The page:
THIRUVANANTHAPURAM: Chief Minister Oommen Chandy has shot off a letter to Prime Minister Narendra Modi saying that the “unilateral” decision to scrap the Planning Commission has left behind unanswered questions and urged him to take the states into confidence when adopting major policy decisions.
Chandy has posed eight questions concerning the future of Centre-state relations in a scenario devoid of the Planning Commission: One, what would be the status of the 12th Five-Year Plan which has the approval of the National Development Council? Two, what would be the status of the Annual Plan, 2014-15, which is presently under the consideration of the Planning Commission “and on which there is no clarity at present”? Three, who will decide the allocation of budget resources between the Central Ministries and the State Government?
His fourth poser was on whether the Centre had a concrete plan to allow states to determine their own priorities and formulate their own schemes and projects. Five, the Planning Commission had diverted resources under the Centrally-sponsored schemes to the state plan, which hiked the Central assistance to state. Does the Centre intend to empower the states to formulate and implement schemes according to their priorities and objectives?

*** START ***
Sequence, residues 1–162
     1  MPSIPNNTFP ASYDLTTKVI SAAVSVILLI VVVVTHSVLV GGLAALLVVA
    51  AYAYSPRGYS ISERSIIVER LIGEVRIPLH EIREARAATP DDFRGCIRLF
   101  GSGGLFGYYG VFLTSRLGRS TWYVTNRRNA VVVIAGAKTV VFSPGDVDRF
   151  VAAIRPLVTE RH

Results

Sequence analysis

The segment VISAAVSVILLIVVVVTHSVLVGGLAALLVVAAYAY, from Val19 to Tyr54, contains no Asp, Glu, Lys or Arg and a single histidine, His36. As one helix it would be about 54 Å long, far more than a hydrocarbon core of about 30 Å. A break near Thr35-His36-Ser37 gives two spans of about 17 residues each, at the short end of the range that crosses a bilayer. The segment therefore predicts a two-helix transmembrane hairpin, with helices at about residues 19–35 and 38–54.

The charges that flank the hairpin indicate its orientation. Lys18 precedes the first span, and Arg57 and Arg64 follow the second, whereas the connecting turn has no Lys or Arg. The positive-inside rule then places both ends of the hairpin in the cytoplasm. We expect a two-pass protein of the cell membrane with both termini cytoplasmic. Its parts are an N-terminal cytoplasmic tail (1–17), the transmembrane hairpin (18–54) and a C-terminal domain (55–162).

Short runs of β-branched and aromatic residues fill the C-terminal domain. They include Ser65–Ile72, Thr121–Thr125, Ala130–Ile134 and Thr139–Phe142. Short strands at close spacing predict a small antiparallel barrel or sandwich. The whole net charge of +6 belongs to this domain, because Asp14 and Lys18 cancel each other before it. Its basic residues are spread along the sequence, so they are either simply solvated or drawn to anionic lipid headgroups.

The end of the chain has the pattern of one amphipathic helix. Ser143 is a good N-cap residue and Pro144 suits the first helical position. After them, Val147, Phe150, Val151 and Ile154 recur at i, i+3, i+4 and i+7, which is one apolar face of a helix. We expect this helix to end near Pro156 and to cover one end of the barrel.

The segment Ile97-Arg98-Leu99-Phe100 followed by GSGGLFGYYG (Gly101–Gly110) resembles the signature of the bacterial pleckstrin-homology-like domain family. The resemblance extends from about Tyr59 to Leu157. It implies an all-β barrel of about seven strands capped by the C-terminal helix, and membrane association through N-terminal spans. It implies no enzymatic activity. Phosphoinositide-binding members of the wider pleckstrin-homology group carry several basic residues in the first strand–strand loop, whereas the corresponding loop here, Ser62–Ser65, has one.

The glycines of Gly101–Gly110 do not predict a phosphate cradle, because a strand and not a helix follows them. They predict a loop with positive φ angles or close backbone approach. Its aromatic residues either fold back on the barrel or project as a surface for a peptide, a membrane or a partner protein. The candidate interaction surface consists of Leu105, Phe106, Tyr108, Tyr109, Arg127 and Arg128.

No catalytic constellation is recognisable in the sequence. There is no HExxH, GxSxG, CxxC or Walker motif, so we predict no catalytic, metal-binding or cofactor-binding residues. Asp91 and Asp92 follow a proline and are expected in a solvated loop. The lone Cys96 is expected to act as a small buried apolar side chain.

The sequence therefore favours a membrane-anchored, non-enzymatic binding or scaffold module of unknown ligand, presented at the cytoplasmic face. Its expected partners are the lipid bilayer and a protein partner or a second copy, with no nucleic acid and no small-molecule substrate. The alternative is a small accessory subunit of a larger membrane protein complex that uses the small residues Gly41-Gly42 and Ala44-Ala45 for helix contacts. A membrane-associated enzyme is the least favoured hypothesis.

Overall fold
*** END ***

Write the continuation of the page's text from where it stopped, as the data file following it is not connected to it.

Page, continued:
Six, how will the distinction between developmental and non-developmental expenditure be maintained in the absence of plan/non-plan present structure? Seven, what is the new process envisaged for the allocation of funds between developmental and non-developmental and revenue and capital expenditure? And eight, will there be changes in the annual plan format as states begin work on annual plans for the next year around this time of the year?
In his letter Chandy said: “As you know, the State Governments have a direct interface with the commission on plan-related matters. The new body, whatever it will be called, will probably entail fundamental changes in the structure of Centre-state financial relations. Hence many questions arise.”
Briefing the media on the CM’s letter, Cultural Affairs Minister K C Joseph said that the PM had announced no alternative measures. “That’s a matter of concern for the state. It is unfortunate that the matter was not discussed with the states,” he said. According to him, spending by various departments so far have only touched approximately 10 per cent. The state had lost two months owing to the Lok Sabha elections, he said.